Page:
Day 1 (Mon 4th Jan 1330 - Tue 5th Jan 1330)
After the first 24 hours at sea all crews in this years race are making steady progress towards the finish. There is a surprise leader in the form of Charlie Pitcher rowing JJ. He not only leads the solo class by 7 nautical miles, but the entire fleet, having made good 30 nm through the first 24 hours. This is without doubt a remarkable achievement. In overall second place is QBE Insurance Challenger, who led off the line yesterday. They trail JJ by just 1 nm, and lead the nearest pairs boat by just 3nm. In the fours class Mission Atlantic lead both Limited Intelligence and Vivaldi by 7nm.
As stated yesterday, all the crews are travelling predominantly South so while they are covering good distance, they aren’t making direct ground to the finish.
Throughout the first day the Woodvale Office has received a number of questions regarding the progress of each crew. To clear up any confusion the VMG is velocity made good and refers to the velocity (speed) made good towards the finish line. The DMG is distance made good which is the distance travelled by a crew towards the finish line based on the shortest route (i.e. as the crow flies). A crew will always row a greater distance than the DMG, simply because they will not be able to row a shorter distance than that of the ‘crow’. The DTF is the distance to the finish and is the true measure of who is leading. Quite simply it is the distance between a crews last known position and the finish line, and crews are ordered from the least to the greatest distance from the finish on the progress page.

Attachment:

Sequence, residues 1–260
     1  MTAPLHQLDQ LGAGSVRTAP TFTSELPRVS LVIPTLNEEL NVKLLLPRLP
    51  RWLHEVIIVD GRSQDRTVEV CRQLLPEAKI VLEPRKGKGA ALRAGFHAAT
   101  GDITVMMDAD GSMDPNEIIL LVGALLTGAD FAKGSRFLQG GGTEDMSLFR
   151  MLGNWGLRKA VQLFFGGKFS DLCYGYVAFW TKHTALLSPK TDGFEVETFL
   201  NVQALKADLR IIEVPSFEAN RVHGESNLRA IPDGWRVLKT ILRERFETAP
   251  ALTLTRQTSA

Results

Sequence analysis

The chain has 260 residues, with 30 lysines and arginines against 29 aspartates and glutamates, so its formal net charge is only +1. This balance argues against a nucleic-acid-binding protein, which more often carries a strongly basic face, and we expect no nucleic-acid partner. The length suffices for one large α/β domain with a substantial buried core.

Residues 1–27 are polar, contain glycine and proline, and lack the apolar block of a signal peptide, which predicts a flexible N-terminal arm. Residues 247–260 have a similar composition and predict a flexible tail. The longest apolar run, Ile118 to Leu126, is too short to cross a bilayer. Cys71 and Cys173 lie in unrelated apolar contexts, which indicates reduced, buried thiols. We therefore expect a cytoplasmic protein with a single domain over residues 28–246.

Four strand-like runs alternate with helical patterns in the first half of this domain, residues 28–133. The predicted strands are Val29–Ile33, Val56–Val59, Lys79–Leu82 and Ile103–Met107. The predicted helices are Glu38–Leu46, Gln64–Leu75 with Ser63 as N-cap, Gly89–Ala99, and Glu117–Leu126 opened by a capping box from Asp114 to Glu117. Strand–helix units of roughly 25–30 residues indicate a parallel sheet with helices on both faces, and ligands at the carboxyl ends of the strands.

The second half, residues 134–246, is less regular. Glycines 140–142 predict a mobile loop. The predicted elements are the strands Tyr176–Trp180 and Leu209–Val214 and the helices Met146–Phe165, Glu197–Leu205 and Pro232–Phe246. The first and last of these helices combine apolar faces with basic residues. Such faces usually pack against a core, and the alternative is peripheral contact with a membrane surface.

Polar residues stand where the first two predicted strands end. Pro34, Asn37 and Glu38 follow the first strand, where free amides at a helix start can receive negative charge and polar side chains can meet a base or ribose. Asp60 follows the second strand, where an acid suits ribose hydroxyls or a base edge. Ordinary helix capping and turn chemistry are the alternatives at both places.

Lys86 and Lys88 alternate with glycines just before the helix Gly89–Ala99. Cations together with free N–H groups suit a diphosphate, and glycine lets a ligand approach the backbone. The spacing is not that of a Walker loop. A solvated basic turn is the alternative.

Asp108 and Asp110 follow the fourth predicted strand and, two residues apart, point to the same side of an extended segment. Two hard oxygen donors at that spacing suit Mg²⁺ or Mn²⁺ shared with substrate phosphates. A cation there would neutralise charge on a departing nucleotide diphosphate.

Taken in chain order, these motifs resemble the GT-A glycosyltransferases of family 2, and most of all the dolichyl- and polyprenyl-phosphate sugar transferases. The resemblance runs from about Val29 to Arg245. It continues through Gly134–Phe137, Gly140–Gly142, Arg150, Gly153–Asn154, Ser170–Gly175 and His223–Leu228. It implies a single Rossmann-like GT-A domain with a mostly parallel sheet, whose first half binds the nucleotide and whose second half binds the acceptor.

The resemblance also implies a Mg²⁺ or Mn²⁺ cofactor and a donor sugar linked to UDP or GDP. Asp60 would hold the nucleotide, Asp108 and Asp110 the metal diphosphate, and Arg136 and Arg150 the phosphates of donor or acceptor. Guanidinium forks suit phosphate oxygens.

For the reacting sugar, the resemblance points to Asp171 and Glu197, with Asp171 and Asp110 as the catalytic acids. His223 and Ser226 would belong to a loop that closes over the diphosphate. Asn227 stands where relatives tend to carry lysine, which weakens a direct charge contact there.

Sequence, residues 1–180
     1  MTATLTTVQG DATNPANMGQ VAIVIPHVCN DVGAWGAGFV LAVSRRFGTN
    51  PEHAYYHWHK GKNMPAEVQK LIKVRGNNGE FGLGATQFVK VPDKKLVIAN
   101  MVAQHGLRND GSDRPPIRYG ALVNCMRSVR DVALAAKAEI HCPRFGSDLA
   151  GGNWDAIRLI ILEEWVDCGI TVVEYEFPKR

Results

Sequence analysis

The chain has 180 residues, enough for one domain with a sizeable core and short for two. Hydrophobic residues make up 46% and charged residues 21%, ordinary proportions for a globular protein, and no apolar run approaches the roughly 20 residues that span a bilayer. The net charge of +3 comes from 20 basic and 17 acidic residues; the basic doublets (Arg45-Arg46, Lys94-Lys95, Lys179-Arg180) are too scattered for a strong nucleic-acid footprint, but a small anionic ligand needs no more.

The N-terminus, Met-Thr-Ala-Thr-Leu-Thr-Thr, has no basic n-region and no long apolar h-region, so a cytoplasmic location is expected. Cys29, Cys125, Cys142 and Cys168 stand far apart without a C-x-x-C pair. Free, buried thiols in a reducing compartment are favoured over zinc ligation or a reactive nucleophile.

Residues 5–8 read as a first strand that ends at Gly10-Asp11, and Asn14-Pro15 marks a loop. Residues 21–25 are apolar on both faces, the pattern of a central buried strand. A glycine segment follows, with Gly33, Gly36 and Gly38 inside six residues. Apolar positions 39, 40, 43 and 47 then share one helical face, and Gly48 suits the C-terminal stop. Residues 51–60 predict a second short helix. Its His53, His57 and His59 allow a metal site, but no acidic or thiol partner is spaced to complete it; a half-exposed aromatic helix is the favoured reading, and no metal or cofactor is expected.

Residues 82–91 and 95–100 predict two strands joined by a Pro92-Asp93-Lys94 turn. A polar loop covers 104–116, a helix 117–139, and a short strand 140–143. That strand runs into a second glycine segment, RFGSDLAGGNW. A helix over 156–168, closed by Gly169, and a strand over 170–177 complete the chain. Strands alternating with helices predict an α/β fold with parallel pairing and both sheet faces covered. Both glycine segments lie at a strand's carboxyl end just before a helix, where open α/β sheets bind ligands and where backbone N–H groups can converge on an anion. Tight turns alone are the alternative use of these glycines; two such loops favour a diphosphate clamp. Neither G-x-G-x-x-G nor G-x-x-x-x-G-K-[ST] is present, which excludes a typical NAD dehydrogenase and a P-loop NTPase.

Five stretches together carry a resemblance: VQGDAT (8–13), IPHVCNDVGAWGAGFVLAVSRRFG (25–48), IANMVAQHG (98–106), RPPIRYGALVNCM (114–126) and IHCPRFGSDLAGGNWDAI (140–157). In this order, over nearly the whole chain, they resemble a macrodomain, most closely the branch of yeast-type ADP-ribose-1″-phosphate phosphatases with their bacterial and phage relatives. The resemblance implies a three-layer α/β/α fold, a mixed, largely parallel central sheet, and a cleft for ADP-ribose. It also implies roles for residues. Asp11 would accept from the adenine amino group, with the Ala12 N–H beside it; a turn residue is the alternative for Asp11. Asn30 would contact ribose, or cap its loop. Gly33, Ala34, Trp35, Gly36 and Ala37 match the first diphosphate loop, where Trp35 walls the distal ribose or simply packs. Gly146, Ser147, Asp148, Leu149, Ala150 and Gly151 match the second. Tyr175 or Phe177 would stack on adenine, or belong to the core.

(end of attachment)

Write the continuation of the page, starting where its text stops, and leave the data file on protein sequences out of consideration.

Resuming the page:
Each day, following the previous days rowing there will be a daily statistic, which shall note any interesting observations throughout the fleet. With that in mind, with 30 crews passing over the start line yesterday it may be of interest to note that should they all make it to the finish, they will have rowed the equivalent of half way to the moon, and after day 1 (at 1330 on Tuesday 5 January following 24 hrs of the race) they had completed a combined total of 410 nautical miles, with an average DMG of nearly 14 nautical miles (0.5% of the total race distance). It is important to bear in mind all crews are travelling south at this stage, so do not read to much into the speeds (VMG) and distances (DMG) and as such are not travelling directly for the finish line.